In the field of Belleville springs, some springs have been developed that function as a support system for separate cushions. One such Belleville spring is disclosed by U.S. Pat. No. 6,826,791 to Fromme (hereinafter “Fromme 1”), which discloses a spring element for supporting a seat cushion or a mattress. The Fromme 1 spring elements connect to a rigid platform in an array that supports a separate cushion on which a user sits or sleeps. Although Fromme 1 discloses an optimal type of spring, it fails to disclose attaching these springs back to back on a single contiguous and flexible membrane and inserting the resulting internal spring membrane array into the core of a double-sided mattress. In fact, Fromme 1 specifically recites that the springs, when arrayed on a rigid platform, act similar to a box spring, and not as a mattress core. This is a fundamental difference

Another Belleville spring cushion support system is disclosed by U.S. Pat. No. 5,787,533 to Fromme (hereinafter “Fromme 2”), which discloses a cushioning support system for a mattress comprising a plurality of springs forming a grid structure. Fromme 2 specifically discloses and claims a box spring system that supports a foam chair cushion or a mattress. Although Fromme 2 discloses an optimal type of spring, it fails to disclose attaching these springs back to back on a single contiguous and flexible membrane and inserting the resulting internal spring membrane array into the core of a double-sided mattress. In fact, Fromme 2 specifically recites that the springs, when arrayed on a rigid platform, act similar to a box spring, and not as a mattress core.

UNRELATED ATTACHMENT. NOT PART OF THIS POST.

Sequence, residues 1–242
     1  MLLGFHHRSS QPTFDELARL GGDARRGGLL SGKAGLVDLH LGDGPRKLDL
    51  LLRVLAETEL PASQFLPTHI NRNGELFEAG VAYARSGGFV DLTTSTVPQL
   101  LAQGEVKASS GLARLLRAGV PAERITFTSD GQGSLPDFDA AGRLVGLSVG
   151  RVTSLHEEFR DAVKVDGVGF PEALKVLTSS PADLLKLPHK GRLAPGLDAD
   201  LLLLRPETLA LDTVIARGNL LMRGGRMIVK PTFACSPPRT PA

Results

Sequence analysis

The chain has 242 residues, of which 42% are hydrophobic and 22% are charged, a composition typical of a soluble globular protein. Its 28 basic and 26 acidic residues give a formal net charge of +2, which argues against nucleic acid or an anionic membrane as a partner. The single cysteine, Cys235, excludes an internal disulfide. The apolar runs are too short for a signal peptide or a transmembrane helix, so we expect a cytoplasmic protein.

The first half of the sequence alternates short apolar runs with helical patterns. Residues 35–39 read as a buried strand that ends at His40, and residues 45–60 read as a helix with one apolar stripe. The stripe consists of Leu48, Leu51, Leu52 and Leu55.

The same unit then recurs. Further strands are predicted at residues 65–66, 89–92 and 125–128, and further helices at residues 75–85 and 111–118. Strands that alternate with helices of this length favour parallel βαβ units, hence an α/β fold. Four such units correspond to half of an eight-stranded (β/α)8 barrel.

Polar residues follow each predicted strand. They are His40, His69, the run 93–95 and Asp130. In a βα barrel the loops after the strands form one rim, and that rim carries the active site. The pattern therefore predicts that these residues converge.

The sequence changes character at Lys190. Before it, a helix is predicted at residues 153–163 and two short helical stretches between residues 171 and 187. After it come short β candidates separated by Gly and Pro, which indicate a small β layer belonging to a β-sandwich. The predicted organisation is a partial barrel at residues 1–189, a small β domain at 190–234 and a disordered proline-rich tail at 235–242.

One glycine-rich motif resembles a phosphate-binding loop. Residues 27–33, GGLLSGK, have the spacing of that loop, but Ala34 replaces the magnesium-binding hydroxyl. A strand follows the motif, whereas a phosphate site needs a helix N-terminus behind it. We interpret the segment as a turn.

Another Belleville spring cushion support system is disclosed by U.S. Pat. No. 6,477,727 to Fromme (hereinafter “Fromme 3”), which discloses support structure for a cushion or a mattress comprised of intersecting support structure elements (under-crosses or grid sections) with bearing (spring) elements connected on top. See FIG. 7a and Col. 7 lines 29-31. Although Fromme 3 discloses an optimal type of spring, it fails to disclose attaching these springs back to back on a single contiguous and flexible membrane and inserting that internal spring membrane array into the core of a double-sided mattress.

In the area of mattress ventilation systems and structures, several systems and structures have been developed that allow ventilation in an effort to avoid moisture absorption and retention. One such mattress ventilation system is disclosed by U.S. Pat. No. 6,182,315 to Lee, which discloses a three layer nylon and steel fiber mesh structure that is placed on top of a cushion or mattress. Although Lee's structure does promote ventilation, it fails to disclose a mattress with Belleville springs attached back to back on a single contiguous membrane and inserting that internal spring membrane array into the core of a double-sided mattress. Further, Lee's ventilation structure is more concerned with allowing perspiration to evaporate from the user's body, rather than allowing perspiration and moisture to ventilate out of the mattress itself.

In the area of internal cushion layers adjoining a spring layer in mattresses, numerous mattresses feature cushions that enclose a spring core. One such mattress is disclosed by U.S. Pat. No. 6,721,982 to Freeman, which discloses a quilted internal cushion directly adjacent to a spring array core of a mattress. Although Freeman recites a cushion layer or layers that enclose a spring core of a mattress, it fails to disclose a mattress with a core comprised of Belleville springs attached back to back on a single contiguous membrane.